5. Let touch speak for you. Sometimes a compassionate touch says “I care and I’m here for you” better than words.

In closing, I offer a quote from Rachel Naomi Remen. “Listening is the oldest and perhaps the most powerful tool of healing. It is often through the quality of our listening and not the wisdom of our words that we are able to effect the most profound changes on the people around us.” And if our paths should cross, I’ll do my best to listen to you!

Ann Catlin, OTR, LMT: For twenty years, Ann led in the field of skilled touch in eldercare and hospice. She has nearly forty years’ clinical experience as an occupational and massage therapist. She created Age-u-cate’s Compassionate Touch program and serves as a Master Trainer and training consultant.

Get Ready for Trauma-Informed Care

Beginning November 28, 2019, the Centers for Medicare & Medicaid Services will require nursing homes to provide trauma-informed care. Consequently, they must  “ensure that residents who are trauma survivors receive culturally competent, hence minimizing triggers that may cause retraumatization.”

What is Trauma?

The Substance Abuse and Mental Health Services Administration’s (SAMHSA) describes the “Three E’s of Trauma.” First of all, the person is exposed to an event such as loss, violence, a natural disaster, or abuse. Next, he experiences the situation as physically or emotionally harmful or life-threatening. Finally, she has lasting adverse effects on well-being.

People express trauma differently, and some are more resilient than others. Furthermore, the impact of trauma is often confused with other conditions, such as depression or even dementia. Symptoms may have a delayed onset and include:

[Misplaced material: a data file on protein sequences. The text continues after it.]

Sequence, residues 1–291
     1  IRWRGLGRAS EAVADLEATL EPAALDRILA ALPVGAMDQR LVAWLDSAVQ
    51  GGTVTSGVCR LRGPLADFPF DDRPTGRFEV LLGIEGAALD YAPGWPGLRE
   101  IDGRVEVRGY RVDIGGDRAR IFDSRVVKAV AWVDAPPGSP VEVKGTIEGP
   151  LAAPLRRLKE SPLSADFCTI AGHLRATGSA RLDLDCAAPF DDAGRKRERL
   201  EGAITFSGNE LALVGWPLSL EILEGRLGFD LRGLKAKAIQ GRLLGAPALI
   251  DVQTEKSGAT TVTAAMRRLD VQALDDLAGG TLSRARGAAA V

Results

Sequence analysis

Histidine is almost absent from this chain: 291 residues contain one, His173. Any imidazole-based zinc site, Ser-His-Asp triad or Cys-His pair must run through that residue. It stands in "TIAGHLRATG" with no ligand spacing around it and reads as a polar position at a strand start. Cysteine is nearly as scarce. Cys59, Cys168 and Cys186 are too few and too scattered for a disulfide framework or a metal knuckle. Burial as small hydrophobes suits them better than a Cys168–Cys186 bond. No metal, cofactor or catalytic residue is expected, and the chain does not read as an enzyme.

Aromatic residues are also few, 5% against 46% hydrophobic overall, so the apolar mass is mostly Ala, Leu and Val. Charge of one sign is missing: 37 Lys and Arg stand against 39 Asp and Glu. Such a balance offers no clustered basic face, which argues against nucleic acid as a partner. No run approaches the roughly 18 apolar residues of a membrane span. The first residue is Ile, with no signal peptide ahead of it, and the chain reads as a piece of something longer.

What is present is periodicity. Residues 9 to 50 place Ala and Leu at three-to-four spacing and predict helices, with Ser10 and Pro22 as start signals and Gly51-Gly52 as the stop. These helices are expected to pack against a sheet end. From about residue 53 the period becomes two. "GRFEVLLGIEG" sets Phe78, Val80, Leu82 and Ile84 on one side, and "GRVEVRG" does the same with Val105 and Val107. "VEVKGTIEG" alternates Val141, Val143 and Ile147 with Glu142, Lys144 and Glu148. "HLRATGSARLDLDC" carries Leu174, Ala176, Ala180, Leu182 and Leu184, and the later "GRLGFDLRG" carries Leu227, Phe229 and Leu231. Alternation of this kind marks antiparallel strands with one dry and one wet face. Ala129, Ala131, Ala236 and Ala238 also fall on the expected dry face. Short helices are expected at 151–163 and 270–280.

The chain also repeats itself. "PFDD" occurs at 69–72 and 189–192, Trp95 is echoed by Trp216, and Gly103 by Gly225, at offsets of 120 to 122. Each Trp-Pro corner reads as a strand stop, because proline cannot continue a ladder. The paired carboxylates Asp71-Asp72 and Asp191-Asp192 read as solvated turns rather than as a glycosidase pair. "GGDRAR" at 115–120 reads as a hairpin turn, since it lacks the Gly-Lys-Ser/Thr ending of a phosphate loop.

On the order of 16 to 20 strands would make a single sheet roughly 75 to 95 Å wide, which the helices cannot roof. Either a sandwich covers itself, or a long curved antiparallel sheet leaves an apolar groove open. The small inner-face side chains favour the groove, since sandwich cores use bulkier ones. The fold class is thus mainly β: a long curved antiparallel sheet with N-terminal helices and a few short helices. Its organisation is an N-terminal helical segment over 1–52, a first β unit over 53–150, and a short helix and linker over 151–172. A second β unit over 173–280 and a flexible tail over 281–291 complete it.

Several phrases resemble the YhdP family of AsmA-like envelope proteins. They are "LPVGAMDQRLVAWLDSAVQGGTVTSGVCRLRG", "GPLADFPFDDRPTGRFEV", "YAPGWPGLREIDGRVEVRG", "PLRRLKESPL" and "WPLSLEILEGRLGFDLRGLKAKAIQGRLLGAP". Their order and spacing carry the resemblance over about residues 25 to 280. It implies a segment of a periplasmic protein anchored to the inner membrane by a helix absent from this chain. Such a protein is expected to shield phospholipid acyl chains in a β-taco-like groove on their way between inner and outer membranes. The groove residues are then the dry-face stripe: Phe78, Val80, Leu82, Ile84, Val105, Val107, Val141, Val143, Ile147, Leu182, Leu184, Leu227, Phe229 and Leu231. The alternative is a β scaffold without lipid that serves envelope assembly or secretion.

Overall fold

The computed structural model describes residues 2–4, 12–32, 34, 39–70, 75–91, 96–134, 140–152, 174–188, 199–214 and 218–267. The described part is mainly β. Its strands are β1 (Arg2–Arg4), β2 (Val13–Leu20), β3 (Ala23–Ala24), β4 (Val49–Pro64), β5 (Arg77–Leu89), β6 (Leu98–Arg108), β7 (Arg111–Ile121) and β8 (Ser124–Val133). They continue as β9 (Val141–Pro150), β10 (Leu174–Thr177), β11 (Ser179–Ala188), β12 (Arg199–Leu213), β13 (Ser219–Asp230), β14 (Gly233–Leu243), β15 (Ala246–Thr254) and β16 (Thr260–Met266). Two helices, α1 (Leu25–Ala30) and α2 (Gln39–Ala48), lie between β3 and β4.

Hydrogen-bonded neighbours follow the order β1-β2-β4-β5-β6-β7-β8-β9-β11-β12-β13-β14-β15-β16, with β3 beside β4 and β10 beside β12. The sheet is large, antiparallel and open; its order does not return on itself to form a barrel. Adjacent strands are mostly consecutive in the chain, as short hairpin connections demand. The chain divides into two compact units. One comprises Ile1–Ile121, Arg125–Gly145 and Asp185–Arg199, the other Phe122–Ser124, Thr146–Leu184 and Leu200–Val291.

• Physical: Aches and pains, poor sleep
  • Psychological: Anxiety, poor emotional control, flashbacks
  • Cognitive: Difficulty with memory and attention
  • Social: Poor trust in others, isolation
  • Spiritual: Lacks meaning in life

What is Trauma-Informed Care?

According to SAMHSA, trauma-informed care rests on a set of critical concepts referred to as “The Four R’s. These assume that all people within an organization:

  1. Realize that trauma exists and understand the impact and consequences of traumatic experiences.
  2. Recognize signs of trauma.
  3. Respond consistently using the principles of a trauma-informed approach.
  4. Resist the re-traumatization of people with traumatic histories.

Therefore new regulations for trauma-informed care expect facilities to:

  • Assess each resident’s exposure to traumatic events in their life.
  • Train staff in the impact of traumatic experiences.
  • Incorporate trauma-informed approaches into care plans.
  • Use strength-based interventions that maximize trauma survivors’ resilience to avoid retraumatization.

Acknowledging traumatic experiences and providing care that is sensitive to each individual is essential. However, I question how realistic this new regulation is for many nursing homes faced with high staff turnover. As a result, limited resources go to basic care and training in practical approaches.